Slumped shoulders, sour stomach, feeling a little down, or worse yet, a sense of dread–these are the awful emotions and physical reactions that you experience in light of a calendar notice. No, we’re not talking about how you feel when it’s time to visit the dentist, but rather those routine meetings you’re faced with on a regular basis.
Interestingly, Forbes recently ran an article that focused on why employees hate meetings. It’s a sad reality, but many employees don’t see the value or the benefit of the meetings that they’re required to attend. The truth, though, is that with the right frame of mind and the appropriate structures, meetings can be powerfully productive. Last week, we introduced one of the first roles that you can play at your meetings, the moderator, which enables voice and perspective on the team.
One primary reason behind establishing clear roles, explicitly or implicitly, is to create an environment that equalizes the participants at the table. Job titles, experience, and personality are just some of the factors that influence a meeting’s productivity. Last week in our post, we focused on the moderator as a role you can take to be a quality team player, and this week want to introduce the examiner to further demonstrate how you can take the lead in a new way to make your meetings the best that they can be.
The examiner is the person who vets, tests, and even challenges the ideas and thoughts that are brought to the table. The primary role of the examiner is to probe, ask questions, and dissect the topic that is being discussed. This is not a role that everyone is comfortable assuming, especially if the idea or topic being discussed is brought forth from a superior. However, one frustration among many meeting participants is that meetings lack substance, don’t tackle the main issue, and fail to include quality discussions. The examiner pushes the thinking to go deep into the problems, and creates a good rumble.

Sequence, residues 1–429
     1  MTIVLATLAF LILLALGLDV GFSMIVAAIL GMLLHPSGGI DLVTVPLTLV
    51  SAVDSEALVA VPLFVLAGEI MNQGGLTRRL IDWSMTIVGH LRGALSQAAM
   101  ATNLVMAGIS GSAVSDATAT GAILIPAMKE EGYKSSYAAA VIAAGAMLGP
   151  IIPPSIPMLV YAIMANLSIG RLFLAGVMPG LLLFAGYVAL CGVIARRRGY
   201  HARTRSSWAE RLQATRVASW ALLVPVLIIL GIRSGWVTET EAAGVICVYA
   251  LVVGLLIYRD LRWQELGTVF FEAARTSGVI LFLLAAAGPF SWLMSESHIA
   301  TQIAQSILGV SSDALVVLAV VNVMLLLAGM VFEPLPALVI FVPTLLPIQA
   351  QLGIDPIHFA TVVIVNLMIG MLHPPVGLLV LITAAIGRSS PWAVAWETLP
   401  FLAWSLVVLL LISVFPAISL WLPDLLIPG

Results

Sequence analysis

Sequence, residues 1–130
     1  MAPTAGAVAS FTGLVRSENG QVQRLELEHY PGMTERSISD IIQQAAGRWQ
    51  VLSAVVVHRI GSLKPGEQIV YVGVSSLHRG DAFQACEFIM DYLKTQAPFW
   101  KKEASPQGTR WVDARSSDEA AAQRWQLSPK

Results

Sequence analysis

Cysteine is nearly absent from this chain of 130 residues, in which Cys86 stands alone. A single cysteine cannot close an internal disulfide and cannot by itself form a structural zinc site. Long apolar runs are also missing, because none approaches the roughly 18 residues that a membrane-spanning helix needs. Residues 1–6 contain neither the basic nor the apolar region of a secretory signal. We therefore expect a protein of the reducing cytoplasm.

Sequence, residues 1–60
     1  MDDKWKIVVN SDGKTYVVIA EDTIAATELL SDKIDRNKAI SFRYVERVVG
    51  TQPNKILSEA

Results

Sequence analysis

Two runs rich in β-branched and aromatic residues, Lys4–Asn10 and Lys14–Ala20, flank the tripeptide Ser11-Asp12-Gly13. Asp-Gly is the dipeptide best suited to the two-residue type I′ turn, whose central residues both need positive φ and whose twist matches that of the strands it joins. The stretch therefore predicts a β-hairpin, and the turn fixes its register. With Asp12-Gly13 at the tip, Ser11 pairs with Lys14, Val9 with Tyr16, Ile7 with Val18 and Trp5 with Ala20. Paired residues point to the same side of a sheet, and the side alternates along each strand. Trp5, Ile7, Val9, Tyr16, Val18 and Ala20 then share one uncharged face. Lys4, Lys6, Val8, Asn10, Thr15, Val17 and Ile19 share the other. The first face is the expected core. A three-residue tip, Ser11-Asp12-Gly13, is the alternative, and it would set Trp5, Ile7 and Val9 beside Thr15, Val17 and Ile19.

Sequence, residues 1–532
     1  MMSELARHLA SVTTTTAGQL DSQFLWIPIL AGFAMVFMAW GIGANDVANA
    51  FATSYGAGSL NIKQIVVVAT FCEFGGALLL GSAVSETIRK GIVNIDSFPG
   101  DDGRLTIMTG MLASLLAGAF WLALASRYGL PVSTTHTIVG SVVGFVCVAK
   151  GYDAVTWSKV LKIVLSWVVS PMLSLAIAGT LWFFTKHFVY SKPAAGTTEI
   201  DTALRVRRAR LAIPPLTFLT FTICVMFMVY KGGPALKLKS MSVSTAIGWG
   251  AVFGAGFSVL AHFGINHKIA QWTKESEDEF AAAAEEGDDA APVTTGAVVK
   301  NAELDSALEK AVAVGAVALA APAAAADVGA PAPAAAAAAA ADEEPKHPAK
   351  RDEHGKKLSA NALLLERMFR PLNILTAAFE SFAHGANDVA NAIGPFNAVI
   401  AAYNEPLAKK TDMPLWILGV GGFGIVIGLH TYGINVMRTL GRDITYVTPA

Although we are discussing roles at meetings, our focus this month is about how you can be a great teammate. Teammates challenge one another for the betterment of the organization. The key is in creating healthy conflict as a norm where participants feel comfortable. Next time you’re in a meeting, introduce this concept and be willing to be the first one to accept this role.
- Examiners ask questions. Their job is to put the idea or concept through a stress test. Too often, silence among team members is accepted as agreement. But, we know that it’s more likely that they simply want the meeting to end. The examiner creates discussion by probing the group to dive deeper.
- Examiners pose a challenge. The role of examiner provides a platform to challenge ideas, systems, and processes in a safe space. Again, not everyone is comfortable taking on this task, but to practice being a great teammate means getting out of your comfort zone. One way to challenge without sounding like you’re poking holes in an idea is to gently say, “does the group mind if I ask a few questions to examine this further?” If you’re not named in the role of examiner, you can still take on that role in a way that isn’t threatening for the group.
- Examiners improve the discussion. The main reason that the examiner is so important for every meeting is that they improve the quality and depth of the discussion. People hate dry and drab meetings, but exciting dialogue is always productive. In challenge #1 above, the examiner asks questions in the group. For this challenge, take a minute at your next meeting and reflect (to yourself) about what would make the discussion more lively and what you might need as a participant. Chances are, other participants need the same thing. Plan to provide it in the moment or jot a note for the next meeting.
Technical Tip: Asking great questions is not easy so we ask that you follow Rudyard Kipling’s Six Honest Serving Men poem as a framework to guide you. You can choose to ask what questions, by getting the group to define the what further. You can ask why questions about purpose and value. The key is to use Kipling’s what, why, when, how, where, and who as sentence starters to get the conversation flowing productively.
I keep six honest serving men, they taught me all I knew.
Their names are What and Why and When
and How and Where and Who.
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